Why Do Finches Survive

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In the Galapagos Islands there is an island named, Daphne Major, this island plays as the host of the Galapagos finches. In 1976 - 1977 there was an absolute near extinction of these finches. This is because of the drought of 1976 and 1977 (see figure 1). While the drought made the Finch population dwindle there was a hidden trait that was helping some survive, and that is beak size. Why did the larger beaks help those fortunate Finches survive? Because the only plants that survived where plants like the Tribulus, which produces hard shelled seeds. While there was an abundance of hard shelled seeds there was a shortage of soft shelled seeds. The finches that had the larger beaks weighed more, for example, survivors weighed approx. 12.5g to 17.5g with beak sizes going from 10.5 to 13.6(for evidence see figure 2. This reduced the population because the Finch’s with the smaller beaks couldn't open the harder seeds and had to scavenge for soft seeds which were very rare. The finches with small beaks, then died from starvation…show more content…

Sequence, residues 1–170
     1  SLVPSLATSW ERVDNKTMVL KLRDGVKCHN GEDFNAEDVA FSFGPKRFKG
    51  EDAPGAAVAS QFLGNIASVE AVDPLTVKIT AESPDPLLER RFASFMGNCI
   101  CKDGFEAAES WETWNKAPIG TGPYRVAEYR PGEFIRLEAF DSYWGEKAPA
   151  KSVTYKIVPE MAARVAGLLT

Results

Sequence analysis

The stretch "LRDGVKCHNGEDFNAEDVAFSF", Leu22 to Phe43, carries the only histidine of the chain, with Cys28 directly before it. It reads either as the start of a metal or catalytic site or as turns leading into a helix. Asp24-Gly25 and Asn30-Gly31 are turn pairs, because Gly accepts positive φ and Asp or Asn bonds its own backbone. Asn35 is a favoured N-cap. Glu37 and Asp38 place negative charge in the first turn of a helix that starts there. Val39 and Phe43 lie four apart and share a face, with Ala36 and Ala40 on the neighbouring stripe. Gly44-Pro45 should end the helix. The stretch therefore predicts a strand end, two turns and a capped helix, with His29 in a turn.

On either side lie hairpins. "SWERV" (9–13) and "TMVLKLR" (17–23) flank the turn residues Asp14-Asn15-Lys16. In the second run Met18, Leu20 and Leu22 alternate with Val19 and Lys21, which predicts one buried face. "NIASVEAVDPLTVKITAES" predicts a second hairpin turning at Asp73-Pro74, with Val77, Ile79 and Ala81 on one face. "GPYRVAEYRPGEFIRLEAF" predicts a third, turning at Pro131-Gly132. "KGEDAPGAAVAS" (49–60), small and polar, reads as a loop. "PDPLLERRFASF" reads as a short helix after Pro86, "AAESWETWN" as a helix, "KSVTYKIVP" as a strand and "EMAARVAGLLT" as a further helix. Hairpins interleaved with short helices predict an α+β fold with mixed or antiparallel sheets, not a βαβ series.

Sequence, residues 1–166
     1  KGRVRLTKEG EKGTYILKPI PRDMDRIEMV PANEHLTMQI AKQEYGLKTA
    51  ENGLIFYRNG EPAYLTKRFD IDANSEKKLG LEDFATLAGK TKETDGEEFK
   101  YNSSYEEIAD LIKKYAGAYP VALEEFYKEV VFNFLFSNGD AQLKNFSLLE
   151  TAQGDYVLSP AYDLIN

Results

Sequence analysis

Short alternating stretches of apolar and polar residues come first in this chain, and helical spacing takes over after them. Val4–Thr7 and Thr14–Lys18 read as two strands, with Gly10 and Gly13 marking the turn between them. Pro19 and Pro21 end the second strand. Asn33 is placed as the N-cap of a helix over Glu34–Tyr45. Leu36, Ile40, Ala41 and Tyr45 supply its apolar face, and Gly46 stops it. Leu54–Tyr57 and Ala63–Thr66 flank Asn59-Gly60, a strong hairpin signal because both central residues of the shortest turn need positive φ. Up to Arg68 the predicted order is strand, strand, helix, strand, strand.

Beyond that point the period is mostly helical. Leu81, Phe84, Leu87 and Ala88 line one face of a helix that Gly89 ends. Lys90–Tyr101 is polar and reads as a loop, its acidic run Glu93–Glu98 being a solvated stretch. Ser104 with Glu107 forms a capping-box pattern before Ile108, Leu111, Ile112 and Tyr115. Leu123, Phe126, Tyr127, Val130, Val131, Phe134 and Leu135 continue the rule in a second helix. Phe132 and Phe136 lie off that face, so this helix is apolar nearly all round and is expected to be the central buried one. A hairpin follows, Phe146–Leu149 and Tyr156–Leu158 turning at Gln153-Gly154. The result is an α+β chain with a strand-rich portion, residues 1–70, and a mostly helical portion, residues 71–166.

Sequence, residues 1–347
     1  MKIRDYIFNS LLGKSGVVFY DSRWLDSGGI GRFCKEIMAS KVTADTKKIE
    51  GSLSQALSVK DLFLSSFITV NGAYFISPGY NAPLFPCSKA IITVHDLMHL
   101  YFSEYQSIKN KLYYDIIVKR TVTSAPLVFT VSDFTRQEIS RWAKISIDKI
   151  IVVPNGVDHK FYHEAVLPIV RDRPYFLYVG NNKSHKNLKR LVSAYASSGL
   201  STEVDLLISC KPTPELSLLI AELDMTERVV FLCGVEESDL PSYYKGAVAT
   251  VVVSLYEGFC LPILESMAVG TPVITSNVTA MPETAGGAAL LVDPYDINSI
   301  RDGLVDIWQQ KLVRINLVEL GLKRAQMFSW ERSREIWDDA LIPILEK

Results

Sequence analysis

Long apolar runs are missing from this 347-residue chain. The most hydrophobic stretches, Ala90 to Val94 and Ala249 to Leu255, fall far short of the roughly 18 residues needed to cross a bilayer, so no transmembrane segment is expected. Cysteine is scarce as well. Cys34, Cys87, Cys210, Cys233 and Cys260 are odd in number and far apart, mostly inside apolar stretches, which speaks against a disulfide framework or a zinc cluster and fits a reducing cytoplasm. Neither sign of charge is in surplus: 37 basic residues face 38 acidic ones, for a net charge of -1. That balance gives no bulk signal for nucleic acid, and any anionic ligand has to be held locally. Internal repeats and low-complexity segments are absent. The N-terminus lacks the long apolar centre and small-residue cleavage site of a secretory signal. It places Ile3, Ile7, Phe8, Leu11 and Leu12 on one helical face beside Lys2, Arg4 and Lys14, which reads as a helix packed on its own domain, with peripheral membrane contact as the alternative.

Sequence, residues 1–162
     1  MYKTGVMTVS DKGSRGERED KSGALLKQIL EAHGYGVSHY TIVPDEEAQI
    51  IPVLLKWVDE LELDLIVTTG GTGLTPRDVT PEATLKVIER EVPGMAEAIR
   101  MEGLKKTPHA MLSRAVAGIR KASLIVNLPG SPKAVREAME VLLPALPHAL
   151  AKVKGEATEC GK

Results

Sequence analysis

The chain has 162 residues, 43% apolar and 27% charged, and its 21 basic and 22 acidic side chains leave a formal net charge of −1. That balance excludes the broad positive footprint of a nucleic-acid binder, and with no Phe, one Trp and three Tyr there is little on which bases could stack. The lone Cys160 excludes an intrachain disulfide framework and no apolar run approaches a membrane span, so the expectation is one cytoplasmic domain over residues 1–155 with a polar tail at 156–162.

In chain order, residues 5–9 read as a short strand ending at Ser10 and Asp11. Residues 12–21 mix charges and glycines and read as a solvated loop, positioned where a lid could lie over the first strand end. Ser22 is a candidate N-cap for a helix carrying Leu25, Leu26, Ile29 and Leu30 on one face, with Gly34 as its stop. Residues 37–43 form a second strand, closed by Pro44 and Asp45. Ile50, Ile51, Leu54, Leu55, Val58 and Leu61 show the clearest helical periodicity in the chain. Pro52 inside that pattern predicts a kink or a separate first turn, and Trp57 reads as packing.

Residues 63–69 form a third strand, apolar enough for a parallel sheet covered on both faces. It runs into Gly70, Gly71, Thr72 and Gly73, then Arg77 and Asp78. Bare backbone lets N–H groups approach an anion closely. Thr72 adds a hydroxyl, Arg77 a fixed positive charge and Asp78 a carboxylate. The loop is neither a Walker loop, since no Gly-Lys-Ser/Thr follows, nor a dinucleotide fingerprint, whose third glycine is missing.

Short beaked finches have less food source because they can’t open hard seeds. Because of that they die off from starvation. Birds with small beaks couldn’t open the hard seeds so they had no food source and struggled to find food they could eat. For evidence of the finches not being able to eat see figure 3.

In conclusion the Galapagos Finches suffered a mass near extinction, although there was a secret weapon the survivors had, beak size. The beak size not only helped the- -survivors survive, but it helped them eat, see figure 2. The rainfall amount (see figure 1) played a major role in the extinction of the finches by taking out the food sources. Lastly the Galapagos finches went to the urge of extinction, but thankfully they were not all taken out by the lessened
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